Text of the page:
FOR IMMEDIATE RELEASE: April 9, 2014
President David H. Stull, San Francisco Conservatory of Music (fifth from left)
Professor Robert Cutietta, Dean, Thornton School of Music (fifth from right)
Photo: Louise Cooper, University of Sydney (full caption below)
USC THORNTON SCHOOL OF MUSIC AND SAN FRANCISCO CONSERVATORY OF MUSIC REPRESENT UNITED STATES AT INAUGURAL
ASIA-PACIFIC MUSIC SUMMIT
The four-day event in Sydney, Australia brought together representatives from leading music institutions from Asia and the Pacific to officially form the Pacific Alliance of Music Schools (PAMS)
LOS ANGELES/SAN FRANCISCO (April -, 2014) – Two of the leading music schools from the West Coast, the University of Southern California Thornton School of Music and the San Francisco Conservatory of Music, represented the United States last week at the inaugural Asia-Pacific Music Summit. The four-day event took place April 2-5 in Sydney, Australia, and included leading music schools from Asia and the Pacific. To create closer ties between the institutions and build the region as a driving force of music education and culture, summit representatives established a new Pacific Alliance of Music Schools (PAMS).
“I could not be more pleased to be able to spend quality time with these Pacific Rim music leaders,” said Robert Cutietta, dean of the USC Thornton School of Music. “Our discussions about the future of classical music, and music in general, have been very stimulating.”
“This inaugural conference is an outstanding beginning to an important alliance of the finest music schools on the Pacific Rim,” said David H. Stull, president of the San Francisco Conservatory of Music. “Global interchange is the future of music and education. I am tremendously enthusiastic about the potential of this initiative.”
The Sydney Conservatorium of Music at the University of Sydney and Beijing Central Conservatory of Music hosted the summit, which included leaders of preeminent music institutions from China, Singapore, Japan, Hong Kong, Taiwan, the United States, New Zealand and Australia.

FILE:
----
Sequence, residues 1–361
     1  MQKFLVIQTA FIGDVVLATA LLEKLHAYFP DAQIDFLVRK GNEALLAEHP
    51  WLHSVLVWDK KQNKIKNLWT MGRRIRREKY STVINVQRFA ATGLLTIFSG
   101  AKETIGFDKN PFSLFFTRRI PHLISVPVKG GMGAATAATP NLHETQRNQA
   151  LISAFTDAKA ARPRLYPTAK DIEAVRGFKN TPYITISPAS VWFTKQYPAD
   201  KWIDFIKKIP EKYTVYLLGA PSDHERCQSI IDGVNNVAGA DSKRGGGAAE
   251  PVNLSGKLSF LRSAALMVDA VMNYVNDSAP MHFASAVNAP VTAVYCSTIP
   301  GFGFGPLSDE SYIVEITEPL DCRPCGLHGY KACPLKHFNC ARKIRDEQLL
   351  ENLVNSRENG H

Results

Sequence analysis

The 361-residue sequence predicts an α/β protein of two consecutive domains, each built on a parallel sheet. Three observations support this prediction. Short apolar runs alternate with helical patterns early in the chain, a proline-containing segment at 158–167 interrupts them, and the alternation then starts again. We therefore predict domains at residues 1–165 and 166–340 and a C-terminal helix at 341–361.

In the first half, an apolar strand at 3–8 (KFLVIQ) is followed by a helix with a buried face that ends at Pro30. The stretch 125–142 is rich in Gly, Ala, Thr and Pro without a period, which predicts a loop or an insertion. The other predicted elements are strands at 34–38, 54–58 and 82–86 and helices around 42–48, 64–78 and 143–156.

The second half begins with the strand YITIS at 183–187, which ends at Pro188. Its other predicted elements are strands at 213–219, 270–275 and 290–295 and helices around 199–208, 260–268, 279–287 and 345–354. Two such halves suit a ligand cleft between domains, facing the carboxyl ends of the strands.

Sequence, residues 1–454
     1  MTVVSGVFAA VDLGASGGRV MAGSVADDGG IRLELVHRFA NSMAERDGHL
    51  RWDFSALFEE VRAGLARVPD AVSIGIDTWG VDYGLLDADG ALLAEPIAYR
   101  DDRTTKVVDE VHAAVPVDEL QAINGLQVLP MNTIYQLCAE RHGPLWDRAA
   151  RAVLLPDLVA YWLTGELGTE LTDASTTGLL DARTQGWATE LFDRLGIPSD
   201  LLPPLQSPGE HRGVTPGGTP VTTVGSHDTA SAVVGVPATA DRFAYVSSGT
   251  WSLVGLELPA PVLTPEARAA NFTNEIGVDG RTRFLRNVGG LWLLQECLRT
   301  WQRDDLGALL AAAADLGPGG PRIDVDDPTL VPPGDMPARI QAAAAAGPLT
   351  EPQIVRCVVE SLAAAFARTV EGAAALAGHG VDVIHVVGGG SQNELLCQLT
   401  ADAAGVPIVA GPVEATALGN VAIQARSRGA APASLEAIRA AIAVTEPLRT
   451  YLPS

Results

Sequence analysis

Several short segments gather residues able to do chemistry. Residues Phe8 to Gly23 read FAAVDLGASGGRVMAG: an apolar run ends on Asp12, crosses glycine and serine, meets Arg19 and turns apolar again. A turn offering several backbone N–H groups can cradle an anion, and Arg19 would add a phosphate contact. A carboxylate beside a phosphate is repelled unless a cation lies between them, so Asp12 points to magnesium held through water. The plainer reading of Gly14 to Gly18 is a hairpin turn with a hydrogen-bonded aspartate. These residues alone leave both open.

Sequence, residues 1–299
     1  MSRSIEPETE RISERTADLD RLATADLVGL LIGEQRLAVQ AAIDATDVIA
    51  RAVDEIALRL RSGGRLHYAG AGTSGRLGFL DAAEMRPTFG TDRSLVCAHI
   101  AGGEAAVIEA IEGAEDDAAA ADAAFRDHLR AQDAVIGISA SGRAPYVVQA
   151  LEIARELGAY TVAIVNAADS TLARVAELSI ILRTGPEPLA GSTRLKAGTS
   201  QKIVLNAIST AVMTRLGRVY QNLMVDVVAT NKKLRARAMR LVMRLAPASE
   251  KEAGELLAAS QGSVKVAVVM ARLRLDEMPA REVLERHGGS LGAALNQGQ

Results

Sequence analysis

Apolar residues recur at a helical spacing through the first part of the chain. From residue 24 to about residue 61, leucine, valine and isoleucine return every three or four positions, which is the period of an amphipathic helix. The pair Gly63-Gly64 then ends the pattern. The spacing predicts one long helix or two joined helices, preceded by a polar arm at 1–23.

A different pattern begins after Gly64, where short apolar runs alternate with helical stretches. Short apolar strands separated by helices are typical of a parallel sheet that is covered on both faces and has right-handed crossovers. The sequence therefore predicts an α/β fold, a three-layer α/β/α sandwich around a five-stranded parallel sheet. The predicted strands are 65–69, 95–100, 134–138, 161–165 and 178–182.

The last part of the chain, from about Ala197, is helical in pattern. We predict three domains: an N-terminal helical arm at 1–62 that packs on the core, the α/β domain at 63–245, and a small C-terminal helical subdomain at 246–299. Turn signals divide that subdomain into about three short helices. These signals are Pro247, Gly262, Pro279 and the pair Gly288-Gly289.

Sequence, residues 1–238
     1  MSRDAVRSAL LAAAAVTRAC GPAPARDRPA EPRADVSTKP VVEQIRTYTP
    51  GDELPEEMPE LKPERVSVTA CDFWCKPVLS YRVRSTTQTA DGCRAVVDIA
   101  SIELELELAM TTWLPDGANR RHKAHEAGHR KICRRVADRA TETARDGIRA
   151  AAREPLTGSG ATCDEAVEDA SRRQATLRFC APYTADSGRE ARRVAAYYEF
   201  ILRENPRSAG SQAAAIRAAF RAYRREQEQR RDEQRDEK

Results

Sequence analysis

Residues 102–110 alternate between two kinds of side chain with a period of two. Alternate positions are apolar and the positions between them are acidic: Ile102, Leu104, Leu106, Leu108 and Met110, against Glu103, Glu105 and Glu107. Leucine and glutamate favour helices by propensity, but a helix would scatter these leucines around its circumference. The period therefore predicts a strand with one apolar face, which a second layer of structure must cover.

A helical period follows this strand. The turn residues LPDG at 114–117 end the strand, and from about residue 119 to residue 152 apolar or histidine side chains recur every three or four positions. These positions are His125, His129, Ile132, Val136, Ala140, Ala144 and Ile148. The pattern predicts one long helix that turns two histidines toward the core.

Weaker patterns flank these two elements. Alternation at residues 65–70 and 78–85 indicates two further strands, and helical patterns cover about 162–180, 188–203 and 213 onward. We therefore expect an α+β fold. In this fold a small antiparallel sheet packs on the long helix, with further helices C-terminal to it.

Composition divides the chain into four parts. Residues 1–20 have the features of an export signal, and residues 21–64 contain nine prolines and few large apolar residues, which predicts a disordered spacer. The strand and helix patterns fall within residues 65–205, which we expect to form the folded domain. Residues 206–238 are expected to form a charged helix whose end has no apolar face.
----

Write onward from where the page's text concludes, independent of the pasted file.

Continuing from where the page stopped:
While collaborations have existed for some time between many institutions in the region, the summit marked the first gathering of deans and presidents of the partner schools. During the summit, participants agreed to form a new Pacific Alliance of Music Schools (PAMS), solidifying their affiliation with an annual convention hosted by a member of PAMS.
Sydney Conservatorium of Music’s Dean Karl Kramer described the conference as “a unique opportunity to meet face to face with our peers from the region’s top conservatoriums and discuss best practices in music education and performance.”
“While we all assume the Western music tradition of teaching, each institution is mutually exclusive in terms of how it operates. We are 12 unique case studies, each with different expertise to share. The summit is a starting point to forming stronger human connections between the institutions to encourage greater and more regular dialogue across the region,” said Kramer.
The summit comes at a time when countries such as China are experiencing a major boom in classical music, and where the audiences are generally much younger than those in America and Europe.
Beijing Central Conservatory of Music’s President Wang Cizhao said: “The purpose of holding this summit is to strengthen the inter-conservatory exchange and collaboration more widely, so that the resources in the Asia-Pacific region can be integrated and we can work together on promoting international music education.”
“The inter-conservatory exchange will become a vital part of running a conservatory with the international development of music education across all countries. Through this summit, delegates can air their views on shared problems. Though each conservatory has its own cultural background and historical traditions, they will surely complement one another when facing a shared teaching problem,” said Cizhao.
Over the course of four days, leaders discussed course programs, student exchanges, industry collaborations, funding models and performance platforms. On April 5, a group of 35 students from Beijing, Shanghai, Melbourne and Sydney presented a recital to celebrate the summit’s finale that featured premieres of two works composed by summit delegates professor Barry Conyngham from Melbourne and professor Xu Shuya from Shanghai.